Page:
Lois McMaster Bujold – The Spirit Ring
17. The Spirit Ring by Lois McMaster Bujold (1992)
Read By: Jessica Almasy
Length: 12h 27min (384 pages)
Genre: Fantasy / Historical Fantasy
Started: 22 April 2016
Finished: 14 May 2016
Where did it come from? Audible.
Why do I have it? Lois McMaster Bujold is one of my favorite authors, and this is (to my knowledge) her only standalone, and the only of her books I haven’t read.
How long has it been on my TBR pile? Since 02 April 2016.
Magic and metal
can combine for evil when
there’s a ghost involved.
Summary: Young Fiametta is the daughter to Prospero, the most famous magician/goldsmith in Montefoglia. Thur is a miner in Bruinwald, who, after a cave-in in the mines, is sent by his mother to seek apprentice as a metalsmith in the city. But before he gets there, the city is overthrown by Ferrante, who was originally betrothed to the Duke’s daughter. But the Duke is killed, and Ferrante now rules the city with the aid of the powerful magic – a soul entrapped in a ring and thus enslaved to him. Prospero, who dies in the aftermath of the coup, is now in danger of the same fate – Ferrante wants to claim his body, and thus his unshriven soul, for a spirit ring made of such a powerful magician would give him unprecedented power – and it’s up to a young girl and a untried metalsmith to stop him… somehow.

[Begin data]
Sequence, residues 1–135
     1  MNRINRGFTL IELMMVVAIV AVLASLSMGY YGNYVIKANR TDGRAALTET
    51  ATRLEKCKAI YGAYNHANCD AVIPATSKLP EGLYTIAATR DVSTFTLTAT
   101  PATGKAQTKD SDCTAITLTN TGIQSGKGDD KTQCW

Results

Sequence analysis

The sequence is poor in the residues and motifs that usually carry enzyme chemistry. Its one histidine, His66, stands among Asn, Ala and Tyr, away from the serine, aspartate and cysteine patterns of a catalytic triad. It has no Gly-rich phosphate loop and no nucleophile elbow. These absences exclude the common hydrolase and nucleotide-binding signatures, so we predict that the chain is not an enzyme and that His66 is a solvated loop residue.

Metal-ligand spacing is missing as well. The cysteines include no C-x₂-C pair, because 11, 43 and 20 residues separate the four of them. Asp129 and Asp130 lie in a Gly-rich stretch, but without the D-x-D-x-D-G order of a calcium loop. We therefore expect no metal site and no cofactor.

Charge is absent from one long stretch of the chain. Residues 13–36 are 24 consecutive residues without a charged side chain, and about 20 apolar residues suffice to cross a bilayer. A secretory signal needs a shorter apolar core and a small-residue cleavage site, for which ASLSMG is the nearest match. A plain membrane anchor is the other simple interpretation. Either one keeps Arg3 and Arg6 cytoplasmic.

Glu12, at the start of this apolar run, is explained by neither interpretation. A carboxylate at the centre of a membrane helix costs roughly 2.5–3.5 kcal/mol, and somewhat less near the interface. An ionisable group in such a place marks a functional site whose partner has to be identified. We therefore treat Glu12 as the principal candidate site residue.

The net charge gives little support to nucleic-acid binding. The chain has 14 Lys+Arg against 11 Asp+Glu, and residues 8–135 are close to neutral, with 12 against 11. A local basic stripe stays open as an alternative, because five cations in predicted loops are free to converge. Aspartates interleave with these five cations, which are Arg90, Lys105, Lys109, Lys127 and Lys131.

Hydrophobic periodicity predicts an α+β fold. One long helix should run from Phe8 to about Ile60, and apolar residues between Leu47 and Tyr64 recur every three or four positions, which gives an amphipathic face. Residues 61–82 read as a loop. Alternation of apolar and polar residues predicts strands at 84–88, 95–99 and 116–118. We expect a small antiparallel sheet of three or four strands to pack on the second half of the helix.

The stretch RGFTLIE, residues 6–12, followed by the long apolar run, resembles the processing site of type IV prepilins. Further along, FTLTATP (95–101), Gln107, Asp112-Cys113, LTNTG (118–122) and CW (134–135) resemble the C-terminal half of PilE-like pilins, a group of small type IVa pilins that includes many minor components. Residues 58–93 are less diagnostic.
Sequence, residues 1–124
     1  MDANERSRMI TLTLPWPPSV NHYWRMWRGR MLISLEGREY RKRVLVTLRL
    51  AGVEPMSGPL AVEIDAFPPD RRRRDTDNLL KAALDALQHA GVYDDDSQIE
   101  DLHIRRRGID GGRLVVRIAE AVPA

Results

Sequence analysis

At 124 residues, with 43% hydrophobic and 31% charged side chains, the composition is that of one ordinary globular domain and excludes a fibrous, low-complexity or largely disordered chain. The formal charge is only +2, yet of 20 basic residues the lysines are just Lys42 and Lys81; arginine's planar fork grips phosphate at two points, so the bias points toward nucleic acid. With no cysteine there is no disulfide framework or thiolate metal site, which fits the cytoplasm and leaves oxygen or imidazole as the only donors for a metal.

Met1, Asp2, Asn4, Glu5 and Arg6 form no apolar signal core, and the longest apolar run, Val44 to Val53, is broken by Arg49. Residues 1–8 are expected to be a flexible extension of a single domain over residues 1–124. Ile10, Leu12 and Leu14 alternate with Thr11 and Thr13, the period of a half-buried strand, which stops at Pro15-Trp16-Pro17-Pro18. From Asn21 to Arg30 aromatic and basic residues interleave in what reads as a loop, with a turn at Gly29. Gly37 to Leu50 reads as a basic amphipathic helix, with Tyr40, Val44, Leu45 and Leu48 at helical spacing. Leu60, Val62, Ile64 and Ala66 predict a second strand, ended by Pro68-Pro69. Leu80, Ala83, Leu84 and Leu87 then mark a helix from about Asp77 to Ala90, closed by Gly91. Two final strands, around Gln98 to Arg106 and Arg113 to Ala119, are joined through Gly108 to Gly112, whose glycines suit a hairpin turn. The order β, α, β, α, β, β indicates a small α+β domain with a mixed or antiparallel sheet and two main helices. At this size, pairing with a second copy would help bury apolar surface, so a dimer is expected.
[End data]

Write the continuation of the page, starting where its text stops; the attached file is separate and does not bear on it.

Review: I love Lois McMaster Bujold – she’s one of my favorite authors – but this book (one of her earlier efforts, I believe) didn’t entirely work for me. There are individual scenes that are quite good, and quite vivid – the cave-in in the mine early on, and the big confrontation at the end, in particular – and Bujold’s sense of humor is present throughout, although maybe not as pronounced as it is in many of her other books. However, I felt like there were a lot of elements to this story, and that they didn’t really all fit together satisfactorily. For example, the magical tricks of the priest, the bits with the Duke’s wife and daughter, Thur’s ability to find things, all of them played their role in the story, but weren’t as well developed or as organically integrated as they could have been. The love story between Fiametta and Thur, in particular, felt somewhat forced — I get that it has a magical element, but it went from “oh hey you’re the daughter of the guy that was supposed to give me work” to “you are my everything and I will gladly repeatedly risk my life for you” without Fiametta really having done much to deserve it (she’s on the youngish side, and kind of bratty to go with it.) Part of this might have been the narrator – she sounded really young, and I wasn’t overly impressed with her reading – she did an okay job distinguishing the characters, but her voice acting wasn’t great, and she mispronounced several words (things that someone should have caught, like “awl” or “draught”) that really broke the flow for me. 3.5 out of 5 stars.
Recommendation: I read it because I’m a completist, and if (like me) you’re a LMB fan and you’ve run out of other books to read, this isn’t great, but has its good moments and kept me interested throughout. But if you’re new to Bujold, this is far from the best that she has to offer – try The Curse of Chalion or Beguilement for fantasy or Shards of Honor or The Warrior’s Apprentice for sci-fi instead.
First Line: Fiametta turned the lump of warm reddish clay in her hand.
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